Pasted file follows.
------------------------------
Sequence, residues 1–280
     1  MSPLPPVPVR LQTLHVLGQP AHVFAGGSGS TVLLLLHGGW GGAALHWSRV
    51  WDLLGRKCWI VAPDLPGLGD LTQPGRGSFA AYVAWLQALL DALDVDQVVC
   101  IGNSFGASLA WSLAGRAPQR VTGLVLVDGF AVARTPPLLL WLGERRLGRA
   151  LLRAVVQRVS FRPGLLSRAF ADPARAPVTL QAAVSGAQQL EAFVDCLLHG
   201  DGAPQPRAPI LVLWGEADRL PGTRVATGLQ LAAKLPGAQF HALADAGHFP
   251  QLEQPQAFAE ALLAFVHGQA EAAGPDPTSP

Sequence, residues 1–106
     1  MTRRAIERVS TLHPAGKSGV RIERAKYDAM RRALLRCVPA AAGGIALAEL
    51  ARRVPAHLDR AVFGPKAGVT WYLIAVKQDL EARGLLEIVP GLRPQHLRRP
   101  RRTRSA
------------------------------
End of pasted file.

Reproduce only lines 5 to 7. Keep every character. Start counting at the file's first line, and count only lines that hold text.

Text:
   151  LLRAVVQRVS FRPGLLSRAF ADPARAPVTL QAAVSGAQQL EAFVDCLLHG
   201  DGAPQPRAPI LVLWGEADRL PGTRVATGLQ LAAKLPGAQF HALADAGHFP
   251  QLEQPQAFAE ALLAFVHGQA EAAGPDPTSP